Southwark is one of the oldest parts of London. Situated on the south side of the River Thames from the City of London, it began as much of the city did as a Roman settlement. Sitting just outside of the City of London gave it something of a lively reputation for centuries since it wasn’t bound to the city’s regulations, but urbanization in the 19th Century eventually saw the area absorbed into Greater London. Today, Southwark is a busy part of South London and has many interesting places to visit. We’ve come up with a top ten list of our favorites, but you can let us know your own in the comments.
The Golden Hinde
Not the only ship museum docked in London, the Golden Hinde certainly has its own pedigree, having been a privateering ship captained by none other than Sir Francis Drake. To be fair, though, the one you’ll find docked at the St. Mary Overie Dock is a replica of Drake’s ship, since the original eventually rotted away in the 17th Century. This one was made using the same methods and materials as the original and has circumnavigated the globe.
The Young Vic
An offshoot of its parent theatre (more on that later), The Young Vic was built to showcase plays and talent “now and in the future.” As such, its repertoire and company tend to focus more on newer plays and upcoming actors. The building in the Cut was constructed in 1970 and only meant to last five years, but has since become permanent. It’s one of the city’s best theatres in the round, meaning audiences get a 360-degree view of the stage and the players.
This Town-class cruiser is part of the Imperial War Museum and acts much like the Golden Hinde as a piece of living history. Unlike the Hinde, however, the Belfast is the real deal, having been in service from 1939 to 1963. The inside of the ship has been carefully preserved to resemble its various eras from World War II to its decommissioning. It even has a nice bar you can visit and enjoy the view of the river while sipping on a pint.
The Old Vic
One of the grandest theatres in London, the Old Vic tends to host more traditional plays, though this doesn’t limit its repertoire. The theatre will host shows of everything from A Christmas Carol to The Lorax and has been in the entertainment business since 1818 when it was known as the Royal Coburg Theatre. The theater also sponsors a younger company of actors that have provided Britain with several of its famous names.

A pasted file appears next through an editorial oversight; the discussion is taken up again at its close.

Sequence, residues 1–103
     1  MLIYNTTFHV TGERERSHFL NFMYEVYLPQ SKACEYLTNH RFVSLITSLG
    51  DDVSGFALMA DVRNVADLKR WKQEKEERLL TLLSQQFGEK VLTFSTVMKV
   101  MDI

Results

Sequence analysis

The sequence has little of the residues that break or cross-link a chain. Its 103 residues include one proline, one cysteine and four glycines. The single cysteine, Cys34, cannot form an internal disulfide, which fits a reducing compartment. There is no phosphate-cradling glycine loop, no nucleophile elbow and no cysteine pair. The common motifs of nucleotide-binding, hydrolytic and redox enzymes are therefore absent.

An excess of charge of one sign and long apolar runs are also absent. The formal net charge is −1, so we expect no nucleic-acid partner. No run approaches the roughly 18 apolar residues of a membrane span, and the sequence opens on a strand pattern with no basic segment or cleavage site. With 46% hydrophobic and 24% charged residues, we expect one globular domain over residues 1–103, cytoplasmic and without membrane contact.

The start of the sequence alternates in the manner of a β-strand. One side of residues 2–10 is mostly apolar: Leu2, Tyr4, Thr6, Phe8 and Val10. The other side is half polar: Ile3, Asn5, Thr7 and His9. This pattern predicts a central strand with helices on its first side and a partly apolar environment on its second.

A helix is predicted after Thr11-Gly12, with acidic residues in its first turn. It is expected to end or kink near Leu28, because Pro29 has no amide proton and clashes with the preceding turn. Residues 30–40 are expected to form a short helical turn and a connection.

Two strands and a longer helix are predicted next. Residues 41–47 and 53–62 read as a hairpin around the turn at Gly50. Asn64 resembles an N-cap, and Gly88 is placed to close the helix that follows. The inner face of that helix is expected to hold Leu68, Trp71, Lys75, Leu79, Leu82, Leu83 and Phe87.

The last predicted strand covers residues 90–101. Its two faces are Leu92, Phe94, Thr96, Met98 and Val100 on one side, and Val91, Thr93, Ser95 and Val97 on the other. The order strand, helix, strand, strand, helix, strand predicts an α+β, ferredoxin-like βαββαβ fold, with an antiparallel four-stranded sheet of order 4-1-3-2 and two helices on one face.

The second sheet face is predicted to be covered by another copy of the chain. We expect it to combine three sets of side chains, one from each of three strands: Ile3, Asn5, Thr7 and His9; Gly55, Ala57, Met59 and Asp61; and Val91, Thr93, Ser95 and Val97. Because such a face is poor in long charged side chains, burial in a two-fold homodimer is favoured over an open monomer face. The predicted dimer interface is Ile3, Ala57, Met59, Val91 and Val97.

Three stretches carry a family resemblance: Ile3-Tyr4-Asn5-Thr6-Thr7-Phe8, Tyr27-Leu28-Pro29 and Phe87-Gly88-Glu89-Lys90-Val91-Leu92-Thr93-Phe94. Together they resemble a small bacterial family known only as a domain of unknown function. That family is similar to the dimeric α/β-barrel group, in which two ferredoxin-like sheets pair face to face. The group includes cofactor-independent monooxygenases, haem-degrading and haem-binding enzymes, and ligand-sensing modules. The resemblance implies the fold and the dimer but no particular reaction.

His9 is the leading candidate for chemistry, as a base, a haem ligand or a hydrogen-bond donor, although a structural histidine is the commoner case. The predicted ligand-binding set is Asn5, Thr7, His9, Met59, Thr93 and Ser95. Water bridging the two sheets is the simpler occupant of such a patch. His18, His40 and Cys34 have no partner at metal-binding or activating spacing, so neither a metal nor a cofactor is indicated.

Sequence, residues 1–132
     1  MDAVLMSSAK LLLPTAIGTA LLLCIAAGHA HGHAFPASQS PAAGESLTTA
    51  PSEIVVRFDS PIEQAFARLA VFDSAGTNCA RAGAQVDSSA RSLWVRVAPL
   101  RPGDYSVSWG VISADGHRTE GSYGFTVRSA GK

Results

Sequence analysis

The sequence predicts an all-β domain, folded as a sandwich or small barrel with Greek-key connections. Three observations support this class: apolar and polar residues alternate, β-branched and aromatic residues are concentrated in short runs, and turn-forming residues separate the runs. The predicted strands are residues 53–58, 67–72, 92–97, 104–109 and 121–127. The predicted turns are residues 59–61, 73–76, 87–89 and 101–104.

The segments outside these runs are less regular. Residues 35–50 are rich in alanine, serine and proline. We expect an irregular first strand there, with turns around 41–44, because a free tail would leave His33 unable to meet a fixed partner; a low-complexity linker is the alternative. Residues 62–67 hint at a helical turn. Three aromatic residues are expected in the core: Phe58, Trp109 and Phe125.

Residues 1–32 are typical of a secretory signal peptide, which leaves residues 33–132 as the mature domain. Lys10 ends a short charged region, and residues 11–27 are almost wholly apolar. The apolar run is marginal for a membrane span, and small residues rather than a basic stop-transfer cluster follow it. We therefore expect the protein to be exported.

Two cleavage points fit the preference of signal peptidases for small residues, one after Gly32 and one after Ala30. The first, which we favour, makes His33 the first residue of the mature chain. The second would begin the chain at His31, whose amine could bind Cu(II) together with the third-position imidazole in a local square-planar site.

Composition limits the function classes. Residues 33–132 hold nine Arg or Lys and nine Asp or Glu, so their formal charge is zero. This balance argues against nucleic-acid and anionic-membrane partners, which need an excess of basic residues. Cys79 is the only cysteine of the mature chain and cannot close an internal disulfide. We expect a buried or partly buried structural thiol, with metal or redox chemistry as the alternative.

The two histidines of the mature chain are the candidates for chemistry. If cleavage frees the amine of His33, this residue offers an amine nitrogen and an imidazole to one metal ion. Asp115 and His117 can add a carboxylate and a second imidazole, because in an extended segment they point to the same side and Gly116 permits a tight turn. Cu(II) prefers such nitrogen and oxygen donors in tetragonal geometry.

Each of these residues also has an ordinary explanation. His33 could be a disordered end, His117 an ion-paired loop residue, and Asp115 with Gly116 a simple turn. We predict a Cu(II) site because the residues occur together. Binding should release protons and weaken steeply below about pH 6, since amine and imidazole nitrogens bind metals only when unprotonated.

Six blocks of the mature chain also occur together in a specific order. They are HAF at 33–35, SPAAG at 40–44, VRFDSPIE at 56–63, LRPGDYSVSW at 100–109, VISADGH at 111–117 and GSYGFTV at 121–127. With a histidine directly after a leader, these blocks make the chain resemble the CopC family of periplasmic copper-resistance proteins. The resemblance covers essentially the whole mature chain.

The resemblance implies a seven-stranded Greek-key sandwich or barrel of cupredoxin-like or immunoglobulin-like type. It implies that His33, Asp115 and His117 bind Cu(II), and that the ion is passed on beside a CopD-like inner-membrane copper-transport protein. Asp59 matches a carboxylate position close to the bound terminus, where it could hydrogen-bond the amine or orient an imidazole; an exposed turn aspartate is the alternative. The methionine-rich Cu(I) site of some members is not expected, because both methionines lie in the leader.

Fashion and Textile Museum
Home to the history of what we wear, the Fashion and Textile Museum was founded in 2003 and dedicated to revolutionary fashion, textiles, and jewelry design. Operated presently by Newham College, it offers fashion related courses for students and businesses alike. The café and gift shop are free to enter, but you’ll have to pay to get inside for the exhibits. These exhibits focus on anything from designers to single articles of clothing and worth a visit for anyone with an interest fashion.
Yes, there’s another theatre on this list, but you might note there’s a very obviously good reason for it. The south bank of the Thames got a reputation for being a theatre district (among other things) during the Elizabethan period thanks to City of London regulations that banned them within the City’s limits. Thus, when Shakespeare and the Lord Chamberlain’s Men needed their own theatre in which to operate, the original Globe was constructed in 1599. The one closed in 1642, and the current replica was built not far away in 1997. More than just a museum to the Bard, his players, and his works, Shakespeare’s Globe is a working theatre that put on Shakespeare’s plays as well as other productions from his and later eras.
Part of the Tate Group and constructed out of an old power plant, the Tate Modern is Britain’s national museum dedicated to modern art. Guided tours are available along with a fascinating amount of workshops and exhibits. The tours don’t just take you around the museum, but you can select tours that focus on specific artists and movements. If you got lucky, you might even be able to hear about the pieces from the artists who created them on tours or at talks that the Tate Modern hosts.
Borough Market is one of the largest and oldest in the city, having been in the business of wholesale and food sales since at least 1276. Today it has over 100 stalls selling fresh produce, meat, cheeses, and more. Whether you want something homegrown or imported delicacies, there’s a lot to choose from. If all the shopping makes you hungry, there are also a lot of street food stalls that will fulfill your appetite. The market is open every day except Sunday, though the full market is only open from Wednesday to Saturday.
Southwark Cathedral is the mother church of the Anglican diocese of Southwark and was constructed beginning in 1106, and has had portions of it rebuilt up to 1897. Its lovely Gothic architecture was the first of its kind in London when the church was first rebuilt in the 13th Century. Aside from being an active place of worship, the cathedral also hosts concerts and art exhibitions throughout the year. Make sure to observe the cathedral’s calendar, however, as services will limit the ability to tour the church.
London’s tallest skyscraper, the Shard is a mixed-use tower that houses restaurants, bars, shops, and a five-star hotel. The part that most people will want to see is The View from the Shard, which operates on floors 68, 69, and 72. View also operates a number of events throughout the year, including film screenings that have a special ticket price. Most of the restaurants can be found on floors 31-33, and the highest bar in Europe, Gong, is on floor 52. Whatever you’re looking for, you can find it here, though the view is definitely a must-visit for anyone who wants to see all of London at once.